Happy New Year and Happy National Organization Month!
Research shows that people waste as much as an hour a day, on average, looking for things they’ve misplaced. That means that many of us waste as much as 15 days every year because of disorganization!
Do the piles of clutter in your home overwhelm you or a senior loved one? Do you want to help a senior have a clean home but you honestly do not know where to start the clean-up process? It is time to create a declutter strategy and I can get you started in 3 easy steps! As a Daily Money Manager for seniors, this is often the first step we have to take in order to get a handle on our clients daily life and money matters.
Step 1: Walk through the home with new eyes. In fact, some organizers recommend that you enter the house, going room by room, and making a list of everything that needs to be changed. Before you start doing anything, take a close look at your list. Which room or space irritates you the most? Prioritize each area you want clean based on your list.
Step 2: Rather than trying to tackle an entire room, start with one small area. Focus on that one area – whether it is a counter, a dresser drawer or a bookshelf. Completely clear everything from the area and then go through each item, choosing whether to save it, donate or give it away, or throw it away. As you find items you want to keep, put them back until everything is back in its place. When you step back and see the cleared space, you will feel a sense of satisfaction and accomplishment and have new energy to move forward.
You may be tempted to start on the next item on the list, but it would be better to wait. Give yourself a couple of days to a week to get used to having the area clean and see how you do keeping the area clutter free. Your goal is to develop the new habit of keeping this one area cleared. When you feel secure in keeping this one area clear, it is time to move to the next priority item on your list.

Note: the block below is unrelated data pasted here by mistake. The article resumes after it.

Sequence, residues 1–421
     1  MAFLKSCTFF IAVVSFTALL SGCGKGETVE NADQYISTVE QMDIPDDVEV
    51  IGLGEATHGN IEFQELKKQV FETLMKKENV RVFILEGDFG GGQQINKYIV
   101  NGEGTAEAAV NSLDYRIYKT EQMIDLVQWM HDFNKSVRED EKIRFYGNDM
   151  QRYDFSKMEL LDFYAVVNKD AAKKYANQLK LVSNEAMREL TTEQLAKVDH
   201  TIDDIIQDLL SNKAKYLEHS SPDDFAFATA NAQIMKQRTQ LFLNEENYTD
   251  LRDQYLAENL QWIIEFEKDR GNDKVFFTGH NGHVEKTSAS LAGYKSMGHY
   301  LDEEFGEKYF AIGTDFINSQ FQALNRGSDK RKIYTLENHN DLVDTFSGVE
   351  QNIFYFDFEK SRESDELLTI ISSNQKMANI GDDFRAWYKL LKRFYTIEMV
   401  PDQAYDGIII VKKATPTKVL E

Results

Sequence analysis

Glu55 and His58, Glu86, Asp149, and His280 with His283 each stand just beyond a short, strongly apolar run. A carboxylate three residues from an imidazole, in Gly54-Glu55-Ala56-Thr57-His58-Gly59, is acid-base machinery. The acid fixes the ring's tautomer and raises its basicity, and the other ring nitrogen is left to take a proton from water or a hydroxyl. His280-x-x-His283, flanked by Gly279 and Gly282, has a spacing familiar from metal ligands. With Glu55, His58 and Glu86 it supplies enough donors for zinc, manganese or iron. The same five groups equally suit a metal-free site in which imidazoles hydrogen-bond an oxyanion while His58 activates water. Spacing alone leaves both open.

You may want to have a decluttering spree, but bear in mind that doing too much too soon can wear you out. Instead, plan to spend a minimum of 15 minutes a day cleaning; if you can schedule more time, that’s great. Follow the list of prioritized items and set an alarm on your calendar. Guard the time like you would a doctor’s appointment to be sure you declutter a little bit each day.
Step 3: Once you have gotten your own clutter under control, it is time to enlist the help of your family. Develop a chore chart for everyone in the family so you are not the only one cleaning. You may be the only one decluttering but it only makes sense for everyone in the family to be involved in general housekeeping. It also helps to develop a routine.
As you go through clutter, whether on your own or with your family’s help, remember the importance of not only cleaning but also getting rid of items that you no longer need. You may want to put a “give away” box in each room. When you find an unwanted or unneeded item, place it into the box. Once the box is full, immediately take it to the car and donate it to a charity like Salvation Army or Goodwill. Perhaps someone else will need it.
You may feel like it is taking forever to clear the clutter, but it took more than a day or two to gather it. It will take time to get a home back in order, but once you do, you will be more likely to use the new skills you have learned and keep the clutter from coming back.
Having difficulty saying goodbye to your stuff? Next week, we’ll talk about the “art of letting go.”